<div class="theconversation-article-body"><em><a href="https://theconversation.com/profiles/leah-ruppanner-106371">Leah Ruppanner</a>, <a href="https://theconversation.com/institutions/the-university-of-melbourne-722">The University of Melbourne</a></em></p> <p>With Mother’s Day right around the corner, many grateful and loving families are thinking about what to give mum to show their appreciation.</p> <p>Should you give her chocolate? Nope. Fancy soaps? Nope. Fuzzy slippers, pyjamas, scented candles? No, no and no.</p> <p>On this Mother’s Day, keep your cash and give your wonderful mother gifts that will actually have a long-term impact on her health and well-being.</p> <h2>1. Do a chore that mum hates and hold onto it … forever</h2> <p>Research <a href="https://www.tandfonline.com/doi/full/10.1080/13545701.2020.1831039">shows</a> men have increased the amount of time spent on housework and childcare and that mothers, over time, are doing less (hooray!).</p> <p>But, women <a href="https://onlinelibrary.wiley.com/doi/abs/10.1111/j.1741-3737.2008.00479.x">still do more housework</a> than men, especially when <a href="https://onlinelibrary.wiley.com/doi/full/10.1111/gwao.12497?fbclid=IwAR2dp04p2sFqbDqdehXmXgDSfTYwX3GRzP7ScMJhSOrMePTGQVErR2TTX88">kids are in the home</a>.</p> <p>Further, <a href="https://journals.sagepub.com/doi/abs/10.1177/0891243205285212">men tend to pick up the more desirable tasks</a>, like <a href="https://www.jstor.org/stable/3598304">cooking and playing with the kids</a>, leaving mothers to do the less pleasurable chores (think cleaning toilets and clearing out fridges).</p> <p>The chore divide in same-sex relationships is generally found to be more equal, but some critique suggests equality may suffer <a href="https://www.nytimes.com/2018/05/16/upshot/same-sex-couples-divide-chores-much-more-evenly-until-they-become-parents.html">once kids are involved</a>.</p> <p>This year give your mum (or mums) the gift of equal housework and childcare sharing – start by taking the most-hated tasks and then hold onto them… forever.</p> <p><a href="https://onlinelibrary.wiley.com/doi/full/10.1111/gwao.12727">Research</a> shows housework inequality is bad for women’s mental health. Undervaluing women’s housework and unequal sharing of the chores deteriorates <a href="https://link.springer.com/article/10.1007/s11199-022-01282-5">relationship quality</a>, and <a href="https://journals.sagepub.com/doi/full/10.1177/0038038516674664">leads to divorce</a>.</p> <p>Housework and childcare take up valuable time to keep the family happy, harmonious and thriving, often at the expense of mum’s health and well-being.</p> <p>So, skip the chocolates and show mum love by doing the worst, most drudgerous and constant household chores (hello, cleaning mouldy showers!) and keep doing these… forever.</p> <h2>2. Initiate a mental unload</h2> <p>The <a href="https://www.abc.net.au/news/health/2017-09-14/the-mental-load-and-what-to-do-about-it/8942032">mental load</a> is all of the planning, organising and management work necessary to keep the family running.</p> <p>The mental load is often perceived as list making or allocating tasks to family members.</p> <p>But, it’s so much more – it is the <a href="https://theconversation.com/planning-stress-and-worry-put-the-mental-load-on-mothers-will-2022-be-the-year-they-share-the-burden-172599">emotional work</a> that goes with this thinking work.</p> <p>The mental load is the worry work that never ends and can be done <a href="https://www.tandfonline.com/doi/abs/10.1080/13668803.2021.2002813">anywhere, anytime and with anyone</a> (in, for example, said mouldy shower).</p> <p>Because the mental load is performed inside our heads, it is invisible. That means we don’t know when we or others are performing this labour unless we really tune in.</p> <p>In fact, it is often when we tune in through quiet time, relaxation or meditation that the mental load rears its ugly head. Suddenly you remind yourself to buy oranges for the weekend soccer game, organise a family movie night and don’t forget to check in on nanna.</p> <p>Women in heterosexual relationships are <a href="https://journals.sagepub.com/doi/abs/10.1177/0003122419859007">shown to do more</a> of the mental load with serious consequences for their mental health. But we don’t have a comprehensive measurement of how much women do it nor how it is allocated in same-sex couples.</p> <p>So, on this mothers’ day spend some time talking about, cataloguing, and equalising the family’s mental load.</p> <p>This isn’t just making a list about what has to be done but also understanding <a href="https://www.abc.net.au/news/health/2017-09-14/the-mental-load-and-what-to-do-about-it/8942032">how the mental load</a> connects to the emotional health of the family, and the person carrying this <a href="https://www.newamerica.org/better-life-lab/blog/making-the-mental-load-visible/">invisible labour, worry and stress</a>.</p> <h2>3. Speak up for your mum and all caregivers</h2> <p>Families alone cannot bear the brunt of the caregiving necessary to keep us thriving.</p> <p>Governments, workplaces and local communities also play a critical role. For this mothers’ day, pick an issue impacting mothers (for example, equal pay, affordable childcare or paid family leave) and do one thing to help move the needle.</p> <p>Write a letter to your boss, your local MP, or donate money to an advocacy organisation advancing gender equality.</p> <p>Or, role model these behaviours yourself – normalise caregiving as a critical piece of being an effective worker, create policies and practices that support junior staff to care for themselves, their families and their communities and use these policies.</p> <p><a href="https://journals.sagepub.com/doi/abs/10.1177/0891243216649946">Research</a> shows men want to be equal carers and sharers but often fear what taking time off for caregiving will signal to their employer despite evidence that fathers who request flexible work are perceived more <a href="https://academic.oup.com/sf/article-abstract/94/4/1567/2461609?login=false">favourably</a>.</p> <p>Appearing to be singularly devoted to work was shown to be impossible during the pandemic with kids, spouses, partners, and pets home all day long.</p> <p>Learning to create more care-inclusive workplaces and communities is critical.</p> <p>Paid parental leave, affordable and accessible high-quality childcare, flexibility in how, when and where we work and greater investments in paid sick leave, long-term disability support and aged care are just a few policies that would strengthen the care safety net.</p> <p>We will all be called upon to care at some point in our lives – let’s create the environments that support caregiving for all, not just mum.<!-- Below is The Conversation's page counter tag. Please DO NOT REMOVE. --><img style="border: none !important; box-shadow: none !important; margin: 0 !important; max-height: 1px !important; max-width: 1px !important; min-height: 1px !important; min-width: 1px !important; opacity: 0 !important; outline: none !important; padding: 0 !important;" src="https://counter.theconversation.com/content/182330/count.gif?distributor=republish-lightbox-basic" alt="The Conversation" width="1" height="1" /><!-- End of code. If you don't see any code above, please get new code from the Advanced tab after you click the republish button. The page counter does not collect any personal data. More info: https://theconversation.com/republishing-guidelines --></p> <p><em><a href="https://theconversation.com/profiles/leah-ruppanner-106371">Leah Ruppanner</a>, Professor of Sociology and Founding Director of The Future of Work Lab, <a href="https://theconversation.com/institutions/the-university-of-melbourne-722">The University of Melbourne</a></em></p> <p><em>Image credits: Getty Images </em></p> <p><em>This article is republished from <a href="https://theconversation.com">The Conversation</a> under a Creative Commons license. Read the <a href="https://theconversation.com/dont-give-mum-chocolates-for-mothers-day-take-on-more-housework-share-the-mental-load-and-advocate-for-equality-instead-182330">original article</a>.</em></p> </div>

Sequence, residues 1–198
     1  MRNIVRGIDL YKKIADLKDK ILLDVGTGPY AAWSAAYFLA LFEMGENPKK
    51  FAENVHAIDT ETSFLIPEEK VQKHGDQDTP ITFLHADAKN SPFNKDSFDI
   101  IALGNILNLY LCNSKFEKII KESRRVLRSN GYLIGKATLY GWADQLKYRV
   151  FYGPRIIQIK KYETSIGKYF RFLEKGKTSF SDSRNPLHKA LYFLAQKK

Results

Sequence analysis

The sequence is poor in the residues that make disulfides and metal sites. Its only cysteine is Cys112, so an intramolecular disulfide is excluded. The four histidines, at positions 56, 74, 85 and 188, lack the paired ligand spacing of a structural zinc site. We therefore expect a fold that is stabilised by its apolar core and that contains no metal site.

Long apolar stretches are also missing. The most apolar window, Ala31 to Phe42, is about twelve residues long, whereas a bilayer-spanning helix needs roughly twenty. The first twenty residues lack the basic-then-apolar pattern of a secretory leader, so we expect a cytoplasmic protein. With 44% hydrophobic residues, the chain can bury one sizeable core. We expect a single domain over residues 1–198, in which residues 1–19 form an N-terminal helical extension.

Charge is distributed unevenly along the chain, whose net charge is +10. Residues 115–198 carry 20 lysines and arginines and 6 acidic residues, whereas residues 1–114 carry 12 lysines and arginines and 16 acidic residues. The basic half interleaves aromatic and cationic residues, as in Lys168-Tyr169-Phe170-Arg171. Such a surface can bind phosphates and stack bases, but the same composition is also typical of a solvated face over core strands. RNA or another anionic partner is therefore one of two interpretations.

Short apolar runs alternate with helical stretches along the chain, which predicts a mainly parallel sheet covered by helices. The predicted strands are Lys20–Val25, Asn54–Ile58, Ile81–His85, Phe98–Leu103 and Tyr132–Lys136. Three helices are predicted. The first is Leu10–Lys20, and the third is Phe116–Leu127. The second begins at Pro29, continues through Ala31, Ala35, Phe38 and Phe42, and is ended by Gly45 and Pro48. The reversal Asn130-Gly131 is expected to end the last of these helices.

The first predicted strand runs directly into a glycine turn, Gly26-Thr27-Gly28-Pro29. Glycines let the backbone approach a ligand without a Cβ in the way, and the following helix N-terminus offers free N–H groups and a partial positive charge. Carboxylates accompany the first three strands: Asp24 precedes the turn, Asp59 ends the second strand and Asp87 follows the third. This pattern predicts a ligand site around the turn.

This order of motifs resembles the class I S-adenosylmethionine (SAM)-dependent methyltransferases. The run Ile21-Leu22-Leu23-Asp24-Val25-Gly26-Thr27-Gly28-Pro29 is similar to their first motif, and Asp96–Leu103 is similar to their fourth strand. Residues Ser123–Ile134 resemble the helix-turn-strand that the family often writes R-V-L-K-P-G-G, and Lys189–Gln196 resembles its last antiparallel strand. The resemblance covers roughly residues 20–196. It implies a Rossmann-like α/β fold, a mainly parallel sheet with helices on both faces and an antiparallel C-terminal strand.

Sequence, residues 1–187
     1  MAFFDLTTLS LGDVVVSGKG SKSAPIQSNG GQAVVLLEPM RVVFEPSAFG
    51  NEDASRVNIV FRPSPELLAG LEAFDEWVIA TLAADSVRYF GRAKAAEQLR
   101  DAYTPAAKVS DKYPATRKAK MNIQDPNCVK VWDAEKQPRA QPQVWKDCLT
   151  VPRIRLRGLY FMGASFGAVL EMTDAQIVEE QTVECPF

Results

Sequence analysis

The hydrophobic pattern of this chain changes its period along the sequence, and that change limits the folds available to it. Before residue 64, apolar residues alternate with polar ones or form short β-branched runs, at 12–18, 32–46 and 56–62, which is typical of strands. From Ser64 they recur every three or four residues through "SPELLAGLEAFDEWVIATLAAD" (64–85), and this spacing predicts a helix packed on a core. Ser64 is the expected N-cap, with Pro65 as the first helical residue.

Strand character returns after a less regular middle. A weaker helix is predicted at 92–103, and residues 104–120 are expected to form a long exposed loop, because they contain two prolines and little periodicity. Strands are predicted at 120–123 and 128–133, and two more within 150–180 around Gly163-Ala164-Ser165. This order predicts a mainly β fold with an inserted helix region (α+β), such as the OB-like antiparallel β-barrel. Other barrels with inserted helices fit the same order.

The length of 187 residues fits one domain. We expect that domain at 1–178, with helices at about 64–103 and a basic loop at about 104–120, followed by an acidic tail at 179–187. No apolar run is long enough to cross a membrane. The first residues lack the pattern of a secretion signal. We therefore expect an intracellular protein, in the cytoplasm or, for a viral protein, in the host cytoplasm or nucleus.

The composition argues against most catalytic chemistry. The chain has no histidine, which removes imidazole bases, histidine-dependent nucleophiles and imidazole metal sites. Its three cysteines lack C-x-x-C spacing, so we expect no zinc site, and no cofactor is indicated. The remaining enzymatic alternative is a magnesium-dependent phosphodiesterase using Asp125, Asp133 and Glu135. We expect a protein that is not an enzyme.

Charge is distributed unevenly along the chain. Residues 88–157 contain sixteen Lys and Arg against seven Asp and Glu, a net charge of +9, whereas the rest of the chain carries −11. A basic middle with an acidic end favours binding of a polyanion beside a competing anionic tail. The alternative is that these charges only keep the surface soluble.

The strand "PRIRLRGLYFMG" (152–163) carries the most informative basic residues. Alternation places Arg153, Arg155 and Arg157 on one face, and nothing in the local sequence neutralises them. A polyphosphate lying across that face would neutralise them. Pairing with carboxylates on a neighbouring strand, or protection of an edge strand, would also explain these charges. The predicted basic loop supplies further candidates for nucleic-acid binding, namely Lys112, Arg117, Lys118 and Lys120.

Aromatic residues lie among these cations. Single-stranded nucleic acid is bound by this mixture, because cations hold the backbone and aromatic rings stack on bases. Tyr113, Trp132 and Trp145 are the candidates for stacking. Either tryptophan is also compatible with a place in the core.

Family & Pets